A participant receives extra support near the finish line as spectators cheer and reach out during the Ironman 70.3 Maine in Augusta in July. Officials announced they have reached an agreement to host the event in Augusta for three more years, through 2027. Ashley Allen/Kennebec Journal file

AUGUSTA — The Ironman 70.3 Maine triathlon will continue to be held in Augusta for three more years.

Officials from the Kennebec Valley Chamber of Commerce and The Ironman Group announced Thursday they have reached an agreement to host the event in Maine’s capital through 2027.

The race, which has drawn close to 2,000 athletes from around the world to Augusta for the last two years, was originally scheduled to be in central Maine for three years.

Dave Christen, northeast regional director of the The Ironman Group, said the organization is thrilled to continue its partnership with the Augusta-area chamber of commerce.

“The Ironman 70.3 Maine event has become a sought-after race experience in our portfolio, and the demand for this event is growing,” Christen said, in a statement issued Thursday.

Katie Doherty, president and chief executive officer of the Kennebec Valley Chamber of Commerce said the chamber is equally pleased to extend the contact.


“This is a huge economic impact on our region an the Kennebec Valley Chamber is certainly proud to host the Ironman 70.3 Maine and we at the chamber look forward to continuing this partnership and having it grow over the years,” Doherty said.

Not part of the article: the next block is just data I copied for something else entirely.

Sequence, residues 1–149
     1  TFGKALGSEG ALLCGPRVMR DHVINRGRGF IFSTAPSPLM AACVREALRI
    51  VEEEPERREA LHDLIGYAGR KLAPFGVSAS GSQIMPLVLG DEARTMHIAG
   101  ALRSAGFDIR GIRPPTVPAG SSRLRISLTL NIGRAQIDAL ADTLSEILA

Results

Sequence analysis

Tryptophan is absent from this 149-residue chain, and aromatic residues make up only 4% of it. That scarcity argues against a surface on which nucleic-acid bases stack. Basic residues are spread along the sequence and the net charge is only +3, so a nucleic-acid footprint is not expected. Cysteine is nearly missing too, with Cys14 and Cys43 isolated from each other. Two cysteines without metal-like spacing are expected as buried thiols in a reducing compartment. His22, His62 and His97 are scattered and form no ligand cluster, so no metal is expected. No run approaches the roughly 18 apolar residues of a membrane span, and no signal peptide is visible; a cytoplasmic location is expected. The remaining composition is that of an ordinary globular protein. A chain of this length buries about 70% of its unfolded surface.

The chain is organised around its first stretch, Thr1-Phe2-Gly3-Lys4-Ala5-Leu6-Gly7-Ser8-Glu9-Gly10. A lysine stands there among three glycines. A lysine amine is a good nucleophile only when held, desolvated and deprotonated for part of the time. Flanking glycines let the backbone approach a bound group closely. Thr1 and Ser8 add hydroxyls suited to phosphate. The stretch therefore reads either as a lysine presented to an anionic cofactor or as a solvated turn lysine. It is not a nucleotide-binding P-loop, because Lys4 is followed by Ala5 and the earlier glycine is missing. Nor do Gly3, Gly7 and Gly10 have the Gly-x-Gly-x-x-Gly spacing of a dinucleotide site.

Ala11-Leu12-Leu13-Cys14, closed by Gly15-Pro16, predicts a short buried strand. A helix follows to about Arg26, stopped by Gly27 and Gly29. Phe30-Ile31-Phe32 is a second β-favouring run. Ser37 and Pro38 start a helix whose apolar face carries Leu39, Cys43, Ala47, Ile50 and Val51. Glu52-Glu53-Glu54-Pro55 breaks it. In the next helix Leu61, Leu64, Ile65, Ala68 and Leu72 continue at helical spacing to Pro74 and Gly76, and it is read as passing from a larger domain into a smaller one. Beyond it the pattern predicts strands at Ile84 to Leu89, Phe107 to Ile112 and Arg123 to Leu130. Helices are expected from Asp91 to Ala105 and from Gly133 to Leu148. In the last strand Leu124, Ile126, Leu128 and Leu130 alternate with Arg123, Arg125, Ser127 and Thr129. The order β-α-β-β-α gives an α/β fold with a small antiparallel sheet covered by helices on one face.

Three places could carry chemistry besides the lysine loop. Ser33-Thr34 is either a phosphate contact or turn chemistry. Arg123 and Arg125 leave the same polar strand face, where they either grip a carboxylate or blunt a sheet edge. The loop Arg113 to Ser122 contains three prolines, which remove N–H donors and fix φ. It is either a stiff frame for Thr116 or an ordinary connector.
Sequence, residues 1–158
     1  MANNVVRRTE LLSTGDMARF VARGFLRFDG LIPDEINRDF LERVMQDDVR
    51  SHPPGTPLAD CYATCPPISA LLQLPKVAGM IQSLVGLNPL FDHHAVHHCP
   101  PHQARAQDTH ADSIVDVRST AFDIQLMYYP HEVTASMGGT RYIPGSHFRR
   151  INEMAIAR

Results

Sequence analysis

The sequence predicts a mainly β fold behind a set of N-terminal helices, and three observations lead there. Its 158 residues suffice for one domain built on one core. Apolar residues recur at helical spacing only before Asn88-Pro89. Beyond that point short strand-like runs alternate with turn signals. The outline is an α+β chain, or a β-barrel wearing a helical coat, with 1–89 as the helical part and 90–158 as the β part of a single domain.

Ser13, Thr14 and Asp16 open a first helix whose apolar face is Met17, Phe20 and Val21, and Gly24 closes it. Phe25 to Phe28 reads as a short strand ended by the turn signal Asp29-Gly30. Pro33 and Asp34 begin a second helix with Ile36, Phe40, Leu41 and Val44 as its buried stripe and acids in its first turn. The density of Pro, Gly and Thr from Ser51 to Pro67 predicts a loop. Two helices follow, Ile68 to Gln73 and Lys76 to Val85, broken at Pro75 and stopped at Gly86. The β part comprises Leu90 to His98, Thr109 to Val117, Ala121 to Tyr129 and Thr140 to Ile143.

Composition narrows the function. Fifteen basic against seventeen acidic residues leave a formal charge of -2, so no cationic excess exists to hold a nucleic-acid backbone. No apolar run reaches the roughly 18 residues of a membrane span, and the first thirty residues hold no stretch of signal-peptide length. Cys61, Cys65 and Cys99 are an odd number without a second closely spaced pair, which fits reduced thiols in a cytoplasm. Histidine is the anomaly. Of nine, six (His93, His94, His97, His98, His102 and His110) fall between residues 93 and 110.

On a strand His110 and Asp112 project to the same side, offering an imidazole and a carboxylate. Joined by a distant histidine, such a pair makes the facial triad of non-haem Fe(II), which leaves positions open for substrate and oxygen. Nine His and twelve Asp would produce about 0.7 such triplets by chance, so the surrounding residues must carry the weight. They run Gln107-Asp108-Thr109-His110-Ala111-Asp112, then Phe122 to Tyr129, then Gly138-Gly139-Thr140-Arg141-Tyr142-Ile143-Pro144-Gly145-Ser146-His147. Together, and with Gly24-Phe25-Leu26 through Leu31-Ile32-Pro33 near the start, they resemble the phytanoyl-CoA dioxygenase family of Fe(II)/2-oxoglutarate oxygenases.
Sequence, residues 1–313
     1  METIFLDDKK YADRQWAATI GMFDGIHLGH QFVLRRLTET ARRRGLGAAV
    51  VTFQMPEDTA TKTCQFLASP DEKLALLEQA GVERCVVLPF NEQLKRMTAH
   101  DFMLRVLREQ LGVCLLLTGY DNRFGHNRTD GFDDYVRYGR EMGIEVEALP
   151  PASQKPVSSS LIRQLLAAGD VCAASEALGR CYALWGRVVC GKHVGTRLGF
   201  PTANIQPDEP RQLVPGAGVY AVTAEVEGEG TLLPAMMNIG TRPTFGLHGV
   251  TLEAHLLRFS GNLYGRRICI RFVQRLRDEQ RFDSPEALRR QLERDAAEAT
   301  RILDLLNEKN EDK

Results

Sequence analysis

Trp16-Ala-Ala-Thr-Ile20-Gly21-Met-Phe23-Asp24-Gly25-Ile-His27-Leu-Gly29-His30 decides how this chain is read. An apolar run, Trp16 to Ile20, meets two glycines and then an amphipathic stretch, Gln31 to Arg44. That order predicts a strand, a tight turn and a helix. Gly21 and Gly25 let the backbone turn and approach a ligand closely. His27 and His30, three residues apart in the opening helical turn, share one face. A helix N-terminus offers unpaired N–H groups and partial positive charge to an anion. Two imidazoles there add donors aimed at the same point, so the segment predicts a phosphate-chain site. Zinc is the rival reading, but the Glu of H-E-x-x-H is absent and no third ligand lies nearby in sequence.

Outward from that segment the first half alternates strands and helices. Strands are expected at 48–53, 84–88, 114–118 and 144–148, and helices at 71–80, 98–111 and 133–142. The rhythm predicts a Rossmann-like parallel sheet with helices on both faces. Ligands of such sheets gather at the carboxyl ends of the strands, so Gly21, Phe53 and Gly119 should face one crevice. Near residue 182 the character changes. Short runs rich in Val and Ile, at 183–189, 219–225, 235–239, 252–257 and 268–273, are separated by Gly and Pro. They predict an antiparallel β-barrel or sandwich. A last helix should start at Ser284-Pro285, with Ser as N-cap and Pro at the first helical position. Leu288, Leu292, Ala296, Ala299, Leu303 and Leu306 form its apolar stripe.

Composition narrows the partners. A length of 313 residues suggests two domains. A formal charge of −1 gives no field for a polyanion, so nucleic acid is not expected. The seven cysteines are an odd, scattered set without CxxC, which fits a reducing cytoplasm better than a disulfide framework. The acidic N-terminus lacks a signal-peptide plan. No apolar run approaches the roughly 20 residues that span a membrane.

Even before this year’s event at the end of July, Ironman and the chamber were in discussions to extend the three-year race contract for two more years.

But on Thursday, Doherty said they had considered different options, and three years seemed like a good fit.

“We had talked about different options. We had a successful two years and wanted to extend it out,”  she said.

This year, more than 2,200 athletes signed up and on race day, more than 1,800 athletes from 28 countries and 47 states competed.

The economic impact study completed after the 2022 race showed that on average, athletes brought three people with them for the event, with many building a vacation, resulting in nearly $1 million in spending in the local economy on lodging and food.


While Doherty hasn’t seen the report for the 2023 race, she said about 600 more athletes participated this year than last.

Part of that may have been due to the designation of the Augusta race as a qualifying event for professionals to compete in the world championship. With that came prize money, and a global broadcast on Outside TV for millions of viewers.

It’s not clear yet whether the 2024 race will be a pro site, Doherty said.

“They only choose so many pro sites every year,” she said. “So we don’t know if we will be a pro site again next year, or say, in three years.”

Augusta’s draw is the Kennebec River, where athletes have voted the Kennebec River as one of the best swim courses in North America.

While aspects of the route vary from year to year, the race starts with a 1.2-mile downriver swim, followed by a 56-mile bicycle ride, ending with a 13.1-mile run.

The 2024 race is scheduled for Sunday, July 28. According to the Ironman organization, it will offer age group qualifying slots to the 2025 Ironman 70.3 World Championship triathlon. But that does not necessarily mean next year’s race will be televised or offer prize money.

“I think us showing we can successfully do this and that a nationwide company and brand wants to do it here and wants to keep coming back shows that we have the capacity and the resources to be able to host this type of event,” she said.

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